As you already know, having a thorough understanding of your customer is one of the keys to success. Although qualitative and quantitative analysis like surveys and focus groups are a great tool for providing important insights in regards to your target group; they are often not enough.
Why? Because people don’t always do what they say they do. They may answer ‘Yes’ when asked if they would buy a particular product, but they might actually never buy it when they come across it on the supermarket shelf. And after all – this is human nature. Hard to understand and difficult to predict.
But how can we minimize this uncertainty? This is where Business Ethnography comes into the game. Business Ethnography attempts to understand how people live their lives and how they behave during their daily routine. So, instead of asking the consumers survey questions or conducting focus groups in an irrelevant environment, Business Ethnography takes an alternative approach and encourages the researchers to visit consumers in their homes, office or other communal area. By observing consumers in an indirect way, we can gain a more thorough understanding of how consumers use a product, what value they assign to that product, and how they behave around the product.
When should Business Ethnography be used?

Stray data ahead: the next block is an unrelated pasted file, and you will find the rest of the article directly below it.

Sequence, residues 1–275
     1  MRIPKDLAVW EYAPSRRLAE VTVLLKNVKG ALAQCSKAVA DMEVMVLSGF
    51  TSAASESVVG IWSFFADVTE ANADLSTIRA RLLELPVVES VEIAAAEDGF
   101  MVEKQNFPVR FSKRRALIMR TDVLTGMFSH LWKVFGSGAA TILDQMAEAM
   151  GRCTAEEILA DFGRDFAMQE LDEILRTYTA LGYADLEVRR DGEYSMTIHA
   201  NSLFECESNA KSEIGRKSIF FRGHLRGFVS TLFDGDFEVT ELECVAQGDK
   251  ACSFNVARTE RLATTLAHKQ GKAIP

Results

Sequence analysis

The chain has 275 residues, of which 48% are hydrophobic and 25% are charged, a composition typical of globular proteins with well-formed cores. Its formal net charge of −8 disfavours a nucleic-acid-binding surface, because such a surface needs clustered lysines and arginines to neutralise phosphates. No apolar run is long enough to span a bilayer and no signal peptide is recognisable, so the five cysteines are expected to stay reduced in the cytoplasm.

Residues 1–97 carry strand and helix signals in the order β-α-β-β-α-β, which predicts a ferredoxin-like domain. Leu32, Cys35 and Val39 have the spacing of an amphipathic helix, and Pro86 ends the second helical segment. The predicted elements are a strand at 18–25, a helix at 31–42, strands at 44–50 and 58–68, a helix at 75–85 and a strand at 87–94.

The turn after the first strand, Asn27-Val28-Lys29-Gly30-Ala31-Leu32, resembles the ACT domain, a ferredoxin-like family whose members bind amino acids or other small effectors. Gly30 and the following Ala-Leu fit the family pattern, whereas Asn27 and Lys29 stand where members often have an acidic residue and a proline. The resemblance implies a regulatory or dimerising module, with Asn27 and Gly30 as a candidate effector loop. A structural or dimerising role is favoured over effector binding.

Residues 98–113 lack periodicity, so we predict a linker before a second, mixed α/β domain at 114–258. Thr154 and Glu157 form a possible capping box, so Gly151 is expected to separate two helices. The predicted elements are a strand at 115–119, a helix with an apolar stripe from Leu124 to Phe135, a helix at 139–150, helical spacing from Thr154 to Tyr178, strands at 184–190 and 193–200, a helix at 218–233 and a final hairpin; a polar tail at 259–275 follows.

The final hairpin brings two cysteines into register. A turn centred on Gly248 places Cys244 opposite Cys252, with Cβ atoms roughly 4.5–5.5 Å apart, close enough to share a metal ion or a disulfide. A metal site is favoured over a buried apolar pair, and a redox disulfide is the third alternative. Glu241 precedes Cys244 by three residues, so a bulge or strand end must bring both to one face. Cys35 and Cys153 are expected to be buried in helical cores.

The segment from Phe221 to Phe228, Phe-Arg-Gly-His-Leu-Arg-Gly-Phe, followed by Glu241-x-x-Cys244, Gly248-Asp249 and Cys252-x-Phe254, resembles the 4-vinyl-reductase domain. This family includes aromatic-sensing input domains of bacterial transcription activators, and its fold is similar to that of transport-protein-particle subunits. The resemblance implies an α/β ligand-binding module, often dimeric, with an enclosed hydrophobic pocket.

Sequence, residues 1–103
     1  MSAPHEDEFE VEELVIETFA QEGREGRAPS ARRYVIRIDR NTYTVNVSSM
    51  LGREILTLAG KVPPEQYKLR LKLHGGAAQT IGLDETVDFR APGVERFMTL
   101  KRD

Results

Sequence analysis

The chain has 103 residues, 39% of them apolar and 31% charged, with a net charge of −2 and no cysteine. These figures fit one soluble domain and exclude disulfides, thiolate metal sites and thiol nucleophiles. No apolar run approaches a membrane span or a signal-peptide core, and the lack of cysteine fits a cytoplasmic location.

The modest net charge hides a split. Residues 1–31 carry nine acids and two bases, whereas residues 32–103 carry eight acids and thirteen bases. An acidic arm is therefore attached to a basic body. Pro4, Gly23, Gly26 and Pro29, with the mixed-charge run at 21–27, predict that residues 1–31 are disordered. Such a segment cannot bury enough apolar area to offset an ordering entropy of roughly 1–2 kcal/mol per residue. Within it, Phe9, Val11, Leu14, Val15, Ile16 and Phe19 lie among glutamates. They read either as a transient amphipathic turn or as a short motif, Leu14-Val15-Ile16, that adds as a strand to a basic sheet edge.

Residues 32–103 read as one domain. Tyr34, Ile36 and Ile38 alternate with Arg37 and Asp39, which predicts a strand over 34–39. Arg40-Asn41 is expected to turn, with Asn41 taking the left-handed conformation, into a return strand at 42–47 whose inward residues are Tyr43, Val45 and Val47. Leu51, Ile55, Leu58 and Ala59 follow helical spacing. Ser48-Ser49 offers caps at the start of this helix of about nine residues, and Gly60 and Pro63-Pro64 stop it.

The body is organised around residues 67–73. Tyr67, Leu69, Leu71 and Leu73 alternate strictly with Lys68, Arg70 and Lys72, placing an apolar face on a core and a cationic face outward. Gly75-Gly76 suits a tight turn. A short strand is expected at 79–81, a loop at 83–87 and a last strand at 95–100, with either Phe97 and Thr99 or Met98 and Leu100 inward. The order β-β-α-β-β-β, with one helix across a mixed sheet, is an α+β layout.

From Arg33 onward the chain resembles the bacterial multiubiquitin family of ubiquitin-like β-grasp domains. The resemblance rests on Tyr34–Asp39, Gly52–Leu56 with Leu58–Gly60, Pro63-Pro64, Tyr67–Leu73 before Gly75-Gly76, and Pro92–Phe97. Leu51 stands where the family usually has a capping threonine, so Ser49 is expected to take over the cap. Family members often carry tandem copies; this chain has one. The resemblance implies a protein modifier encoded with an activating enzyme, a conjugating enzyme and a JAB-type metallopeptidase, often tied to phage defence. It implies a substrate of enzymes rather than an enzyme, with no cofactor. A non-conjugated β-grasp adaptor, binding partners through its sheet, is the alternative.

- For New Product Developments (NPDs)
- To adjust your marketing strategy according to the current market trends
- To enter a new market
- To reveal and understanding new, emerging trends and to capture value out of them
- To identify customer needs and wants that have not yet been met
- To fine-tune your brand positioning and take over the competitive advantage.
What are the benefits of Business Ethnography?
- Non-direct way of understanding consumer behavior
- More accurate, realistic insights that correspond to actual consumer behavior.
- Comprehensive understanding of the role of the product or service in the daily life of consumers.
- Identification of patterns in consumer behavior and development of respective insights accordingly
- Ability to test hypotheses on realistic and representative evidence
- Applicable to various industries and different types of businesses.
What are the pitfalls of Business Ethnography?
- An ethnographic study might take several months to be completed. The process starts from the moment you identify the problem to that needs to be solved until the moment you conclude on some hypotheses and outcomes.
- If the sample size is too small, then your ethnographic study might be biased and results might not represent the majority.
- The information to be analyzed within an ethnographic study will be a lot and it will require a significant amount of time, effort and money.
The Steps to Business Ethnography
1. Identify the problem and set out what you want to reveal.
2. Decide on the methods of data collection
3. Craft a framework for the questions to be asked in your ethnographic study.
4. Analyze the results and look out for patterns in consumer behavior.
5. Summarize everything and conclude on the most important key insights.
6. Craft an action plan based on the results and outcomes of the ethnographic study.